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What DC's Wonder Woman Gets Wrong About Greek Mythology

On the surface, Wonder Woman mythology mirrors that of ancient Greece. She's an Amazon sculpted from clay and imbued with powers by the gods of Olympus. Her mother is Hippolyta, the legendary queen of women warriors. There are obvious ties to ancient myths about powerful women from many different pantheons in Wonder Woman, and creator William Moulton Marston combined various myths and powers to create his 20th-century feminist icon.  

  • Hippolyta Never Had A Daughter

    In Wonder Woman, Diana's overprotective mother, Queen Hippolyta, tells her daughter that she made her from clay. Diana is the only child on the island of Themyscira, home of the Amazons. In Ancient Greek mythology, Hippolyte - whom Queen Hippolyta is based on - never had a daughter.

    Some stories, like the myth of Theseus, say that she bore the Athenian king's son. In some variations, the Queen of the Amazons willingly went with the mortal king, and in others he forced her to marry him and become Queen of Athens. 

  • Zeus Is Not A Benevolent God

    When Queen Hippolyta tells a young Diana about their Amazonian origins, audiences get an artful peek at the fighting gods of Mount Olympus. According to Queen Hippolyta in Wonder Woman, Zeus is a benevolent god who created humans in his own image. She said they were without corruption, and when Ares became jealous of his father's creation, Zeus fought Ares to protect humankind. In a dramatic and heroic effort, Zeus uses the last of his power to shut down Ares. 

    Wonder Woman makes Zeus sound like the good guy, the hero to root for. In Ancient Greek mythology, however, Zeus was not depicted in such a compassionate manner. His list of atrocities is by no means short. Zeus turned a wife into a fly and ate her, cheated on numerous wives, and has unleashed pain and evil on humans on several occasions. In Theogony, the epic poem of Hesiod, Zeus gives Pandora a box full of evil, knowing all too well she wouldn't be able to resist opening it. In The Library, a book attributed to Apollodorus of Alexandria, Zeus decides to flood the Earth and end humankind, save one honest man, King Deucalion.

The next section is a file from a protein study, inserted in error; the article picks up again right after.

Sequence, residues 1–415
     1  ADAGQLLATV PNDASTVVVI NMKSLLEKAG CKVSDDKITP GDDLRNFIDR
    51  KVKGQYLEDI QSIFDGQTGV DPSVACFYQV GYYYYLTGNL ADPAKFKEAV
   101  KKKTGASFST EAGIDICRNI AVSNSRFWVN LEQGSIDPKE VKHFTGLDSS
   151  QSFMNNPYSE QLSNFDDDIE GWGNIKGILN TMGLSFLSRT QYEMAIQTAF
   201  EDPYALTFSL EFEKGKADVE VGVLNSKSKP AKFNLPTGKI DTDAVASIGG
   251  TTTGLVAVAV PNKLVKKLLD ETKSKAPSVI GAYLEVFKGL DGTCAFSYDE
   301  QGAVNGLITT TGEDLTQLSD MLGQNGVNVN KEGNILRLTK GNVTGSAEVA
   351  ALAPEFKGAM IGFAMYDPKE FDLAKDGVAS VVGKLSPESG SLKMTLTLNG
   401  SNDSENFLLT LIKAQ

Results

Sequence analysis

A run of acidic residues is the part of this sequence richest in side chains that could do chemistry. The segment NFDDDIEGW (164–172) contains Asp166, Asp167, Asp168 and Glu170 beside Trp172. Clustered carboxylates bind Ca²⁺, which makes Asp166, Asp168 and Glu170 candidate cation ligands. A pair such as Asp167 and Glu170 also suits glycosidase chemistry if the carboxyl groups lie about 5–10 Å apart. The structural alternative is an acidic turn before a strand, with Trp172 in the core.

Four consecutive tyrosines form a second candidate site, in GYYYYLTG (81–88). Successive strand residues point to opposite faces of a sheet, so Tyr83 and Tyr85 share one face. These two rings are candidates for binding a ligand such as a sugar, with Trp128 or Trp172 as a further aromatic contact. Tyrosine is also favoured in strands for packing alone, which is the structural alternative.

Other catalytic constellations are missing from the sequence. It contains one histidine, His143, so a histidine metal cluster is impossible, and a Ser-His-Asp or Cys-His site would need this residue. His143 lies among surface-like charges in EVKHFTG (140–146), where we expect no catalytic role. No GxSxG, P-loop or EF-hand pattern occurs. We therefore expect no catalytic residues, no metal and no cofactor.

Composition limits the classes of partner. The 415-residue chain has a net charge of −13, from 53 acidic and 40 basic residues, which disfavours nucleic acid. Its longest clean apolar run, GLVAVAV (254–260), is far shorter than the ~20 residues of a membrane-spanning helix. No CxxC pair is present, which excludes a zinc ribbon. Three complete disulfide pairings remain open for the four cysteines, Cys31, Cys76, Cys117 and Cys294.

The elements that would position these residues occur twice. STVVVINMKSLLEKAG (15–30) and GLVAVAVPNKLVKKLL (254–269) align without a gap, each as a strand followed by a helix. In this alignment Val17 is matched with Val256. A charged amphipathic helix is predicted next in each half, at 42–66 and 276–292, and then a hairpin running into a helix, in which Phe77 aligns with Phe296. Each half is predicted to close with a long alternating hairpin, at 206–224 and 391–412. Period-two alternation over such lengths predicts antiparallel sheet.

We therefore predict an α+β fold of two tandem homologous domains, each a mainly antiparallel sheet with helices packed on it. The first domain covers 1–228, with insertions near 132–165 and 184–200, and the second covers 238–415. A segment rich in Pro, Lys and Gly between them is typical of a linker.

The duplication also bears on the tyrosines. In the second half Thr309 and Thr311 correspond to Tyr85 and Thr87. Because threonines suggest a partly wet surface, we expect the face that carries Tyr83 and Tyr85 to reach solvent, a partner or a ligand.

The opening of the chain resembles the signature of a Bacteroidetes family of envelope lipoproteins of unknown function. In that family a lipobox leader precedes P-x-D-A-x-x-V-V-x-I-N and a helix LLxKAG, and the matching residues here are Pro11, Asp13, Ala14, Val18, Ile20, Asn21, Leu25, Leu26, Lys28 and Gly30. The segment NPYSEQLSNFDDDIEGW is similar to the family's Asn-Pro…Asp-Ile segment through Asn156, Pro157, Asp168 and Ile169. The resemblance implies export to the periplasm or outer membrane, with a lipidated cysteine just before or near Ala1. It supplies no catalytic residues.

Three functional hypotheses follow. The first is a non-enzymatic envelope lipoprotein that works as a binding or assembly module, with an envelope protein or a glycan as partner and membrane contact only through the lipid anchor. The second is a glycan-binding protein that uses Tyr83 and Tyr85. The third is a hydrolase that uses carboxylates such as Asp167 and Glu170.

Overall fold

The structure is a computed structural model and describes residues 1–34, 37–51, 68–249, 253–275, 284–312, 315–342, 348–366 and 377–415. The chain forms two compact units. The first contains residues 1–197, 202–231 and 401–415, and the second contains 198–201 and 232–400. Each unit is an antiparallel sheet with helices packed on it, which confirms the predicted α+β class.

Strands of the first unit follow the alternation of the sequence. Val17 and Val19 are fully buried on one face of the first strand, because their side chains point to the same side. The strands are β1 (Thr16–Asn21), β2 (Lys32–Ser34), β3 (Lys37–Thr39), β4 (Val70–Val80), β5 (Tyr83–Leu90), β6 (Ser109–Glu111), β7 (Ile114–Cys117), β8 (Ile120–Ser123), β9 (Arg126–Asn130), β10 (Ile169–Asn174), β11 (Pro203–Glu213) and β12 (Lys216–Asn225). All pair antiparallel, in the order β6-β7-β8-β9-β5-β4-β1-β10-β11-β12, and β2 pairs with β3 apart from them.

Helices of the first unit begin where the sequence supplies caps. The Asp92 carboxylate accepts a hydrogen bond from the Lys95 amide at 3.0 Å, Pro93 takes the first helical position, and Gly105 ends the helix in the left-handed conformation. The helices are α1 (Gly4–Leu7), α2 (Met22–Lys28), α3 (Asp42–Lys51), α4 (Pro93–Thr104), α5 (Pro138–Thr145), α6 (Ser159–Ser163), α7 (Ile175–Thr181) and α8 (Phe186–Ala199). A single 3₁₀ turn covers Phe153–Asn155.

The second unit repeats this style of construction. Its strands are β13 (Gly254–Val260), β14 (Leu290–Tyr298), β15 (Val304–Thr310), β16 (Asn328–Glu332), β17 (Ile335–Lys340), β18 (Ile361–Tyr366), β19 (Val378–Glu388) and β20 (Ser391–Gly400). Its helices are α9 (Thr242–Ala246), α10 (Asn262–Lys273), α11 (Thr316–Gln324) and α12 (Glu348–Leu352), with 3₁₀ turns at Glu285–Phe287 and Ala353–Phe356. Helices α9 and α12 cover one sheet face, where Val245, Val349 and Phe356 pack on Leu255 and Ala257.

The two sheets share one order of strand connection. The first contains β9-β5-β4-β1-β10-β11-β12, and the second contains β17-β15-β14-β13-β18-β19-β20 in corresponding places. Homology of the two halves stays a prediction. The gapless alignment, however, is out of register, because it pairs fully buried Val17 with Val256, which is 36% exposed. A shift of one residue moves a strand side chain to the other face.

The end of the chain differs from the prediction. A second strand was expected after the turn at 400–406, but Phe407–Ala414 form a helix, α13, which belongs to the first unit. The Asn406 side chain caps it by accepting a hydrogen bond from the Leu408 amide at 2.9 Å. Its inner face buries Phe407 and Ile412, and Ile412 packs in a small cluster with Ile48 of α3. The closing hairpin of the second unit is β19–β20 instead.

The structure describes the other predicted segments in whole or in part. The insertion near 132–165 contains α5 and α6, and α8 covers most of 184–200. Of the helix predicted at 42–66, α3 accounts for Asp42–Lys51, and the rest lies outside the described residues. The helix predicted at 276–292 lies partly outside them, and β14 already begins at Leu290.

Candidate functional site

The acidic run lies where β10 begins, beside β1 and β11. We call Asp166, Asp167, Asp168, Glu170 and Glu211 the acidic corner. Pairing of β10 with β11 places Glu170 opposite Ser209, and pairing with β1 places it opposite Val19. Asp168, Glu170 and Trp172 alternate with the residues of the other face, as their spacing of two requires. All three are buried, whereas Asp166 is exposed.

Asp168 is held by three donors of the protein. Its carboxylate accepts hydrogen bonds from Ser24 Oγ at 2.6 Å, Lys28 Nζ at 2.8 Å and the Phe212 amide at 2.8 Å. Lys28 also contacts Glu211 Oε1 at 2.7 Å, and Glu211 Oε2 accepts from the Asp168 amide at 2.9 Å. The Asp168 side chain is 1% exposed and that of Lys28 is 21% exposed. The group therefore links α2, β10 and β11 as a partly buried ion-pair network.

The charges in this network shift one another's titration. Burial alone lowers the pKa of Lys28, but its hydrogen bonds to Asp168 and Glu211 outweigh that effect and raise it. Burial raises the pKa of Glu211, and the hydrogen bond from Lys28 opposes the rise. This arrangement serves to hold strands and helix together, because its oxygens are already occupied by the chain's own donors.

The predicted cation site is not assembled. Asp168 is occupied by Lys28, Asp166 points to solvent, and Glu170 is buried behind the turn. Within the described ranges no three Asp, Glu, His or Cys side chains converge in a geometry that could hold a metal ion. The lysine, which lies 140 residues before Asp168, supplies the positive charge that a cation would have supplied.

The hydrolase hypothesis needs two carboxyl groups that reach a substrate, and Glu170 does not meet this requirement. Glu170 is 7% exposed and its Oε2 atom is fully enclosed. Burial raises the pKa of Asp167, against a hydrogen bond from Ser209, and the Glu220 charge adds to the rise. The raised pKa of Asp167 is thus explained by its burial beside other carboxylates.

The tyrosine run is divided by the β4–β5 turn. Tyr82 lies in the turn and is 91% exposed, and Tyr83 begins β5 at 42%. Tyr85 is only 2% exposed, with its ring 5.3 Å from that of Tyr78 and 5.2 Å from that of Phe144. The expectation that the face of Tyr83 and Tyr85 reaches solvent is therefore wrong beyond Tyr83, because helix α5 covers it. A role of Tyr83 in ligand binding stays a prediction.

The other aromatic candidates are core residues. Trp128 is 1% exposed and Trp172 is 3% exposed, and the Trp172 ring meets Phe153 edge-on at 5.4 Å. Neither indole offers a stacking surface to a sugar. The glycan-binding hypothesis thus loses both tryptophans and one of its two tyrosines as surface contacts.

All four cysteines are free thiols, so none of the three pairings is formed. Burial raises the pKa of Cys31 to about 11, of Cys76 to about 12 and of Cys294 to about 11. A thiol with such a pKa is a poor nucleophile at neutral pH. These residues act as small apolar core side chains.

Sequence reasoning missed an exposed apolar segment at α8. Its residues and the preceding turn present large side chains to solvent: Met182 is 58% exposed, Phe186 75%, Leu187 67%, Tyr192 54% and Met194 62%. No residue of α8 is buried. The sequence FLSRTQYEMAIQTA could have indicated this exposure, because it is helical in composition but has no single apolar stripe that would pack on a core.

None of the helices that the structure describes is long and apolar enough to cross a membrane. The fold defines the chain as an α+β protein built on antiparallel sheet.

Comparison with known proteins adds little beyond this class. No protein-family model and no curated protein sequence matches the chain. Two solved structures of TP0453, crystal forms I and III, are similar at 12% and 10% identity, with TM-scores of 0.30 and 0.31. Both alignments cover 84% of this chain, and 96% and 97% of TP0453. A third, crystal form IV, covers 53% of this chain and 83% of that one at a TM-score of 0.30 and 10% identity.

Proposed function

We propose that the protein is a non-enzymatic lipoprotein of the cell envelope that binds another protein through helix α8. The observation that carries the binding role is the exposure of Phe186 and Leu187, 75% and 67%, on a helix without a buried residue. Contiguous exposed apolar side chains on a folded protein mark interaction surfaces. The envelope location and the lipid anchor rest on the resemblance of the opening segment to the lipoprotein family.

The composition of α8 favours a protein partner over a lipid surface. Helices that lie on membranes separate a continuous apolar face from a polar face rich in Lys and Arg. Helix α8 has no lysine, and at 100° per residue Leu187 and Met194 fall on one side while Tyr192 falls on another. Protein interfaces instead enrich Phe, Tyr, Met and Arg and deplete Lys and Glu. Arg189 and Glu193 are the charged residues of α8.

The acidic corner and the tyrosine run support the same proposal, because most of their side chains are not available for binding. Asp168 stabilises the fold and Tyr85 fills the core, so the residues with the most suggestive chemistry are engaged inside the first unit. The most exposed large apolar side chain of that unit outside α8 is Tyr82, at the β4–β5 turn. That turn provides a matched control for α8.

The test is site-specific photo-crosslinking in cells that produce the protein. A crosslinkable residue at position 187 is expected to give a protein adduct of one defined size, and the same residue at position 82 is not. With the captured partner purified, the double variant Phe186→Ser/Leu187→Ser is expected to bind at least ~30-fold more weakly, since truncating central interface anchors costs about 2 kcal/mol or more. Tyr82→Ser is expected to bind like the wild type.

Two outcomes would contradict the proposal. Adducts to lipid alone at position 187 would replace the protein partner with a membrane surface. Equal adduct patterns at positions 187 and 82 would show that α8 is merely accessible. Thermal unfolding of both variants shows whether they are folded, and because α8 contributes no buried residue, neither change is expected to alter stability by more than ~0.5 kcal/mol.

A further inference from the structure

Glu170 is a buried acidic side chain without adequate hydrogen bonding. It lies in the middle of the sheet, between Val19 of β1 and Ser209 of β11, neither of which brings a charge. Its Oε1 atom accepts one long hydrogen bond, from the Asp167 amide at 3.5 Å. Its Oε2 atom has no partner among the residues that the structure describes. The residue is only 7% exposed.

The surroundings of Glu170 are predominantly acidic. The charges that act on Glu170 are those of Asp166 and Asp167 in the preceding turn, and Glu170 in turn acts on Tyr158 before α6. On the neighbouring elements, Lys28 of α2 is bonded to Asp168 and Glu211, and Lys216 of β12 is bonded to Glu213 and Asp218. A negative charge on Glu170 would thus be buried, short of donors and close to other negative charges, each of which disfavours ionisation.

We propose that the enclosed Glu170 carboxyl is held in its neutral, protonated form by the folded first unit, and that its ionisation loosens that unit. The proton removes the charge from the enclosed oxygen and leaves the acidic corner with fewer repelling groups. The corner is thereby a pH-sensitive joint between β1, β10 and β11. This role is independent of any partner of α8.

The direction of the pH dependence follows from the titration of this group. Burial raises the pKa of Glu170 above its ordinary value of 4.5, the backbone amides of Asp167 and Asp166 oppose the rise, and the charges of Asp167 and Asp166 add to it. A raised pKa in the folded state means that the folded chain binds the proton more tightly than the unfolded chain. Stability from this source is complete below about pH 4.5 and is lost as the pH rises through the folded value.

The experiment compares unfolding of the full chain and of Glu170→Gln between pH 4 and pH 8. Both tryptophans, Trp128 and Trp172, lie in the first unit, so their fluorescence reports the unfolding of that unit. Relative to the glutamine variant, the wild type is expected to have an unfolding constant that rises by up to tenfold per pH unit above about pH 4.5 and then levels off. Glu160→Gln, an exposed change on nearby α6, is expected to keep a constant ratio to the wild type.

• Amazonian Demigods Do Not Exist

    In the movie, Diana is considered some sort of Amazon demigod, thanks to her mythical creation and parent. However, in ancient Greek mythology, no Amazons were ever considered demigods. Demigods like Hercules had to go through grueling tasks and adventures in order to obtain the title. The only female demigod is Helen of Troy.

    Yes, the Amazon race might be stronger and more agile than the average human, but they are not demigods. 

  • Zeus Did Not Create The Amazons To Help Humankind

    In the tale, Queen Hippolyta tells a young Diana Zeus asked Aprhodite to create the Amazon race to rebalance the Earth. Ares had infected mankind with jealousy and suspicion, and the Amazons were meant to temper those destructive thoughts. Humans enslave the Amazonian race, and then Hippolyte, leads the uprising to free the warrior women race. 

    In Greek mythology, the Amazonian race are human women with fierce fighting skills, and they simply existed - no god created them. Even the philosophers and thinkers who told the tales of Amazons were unsure of where they came from.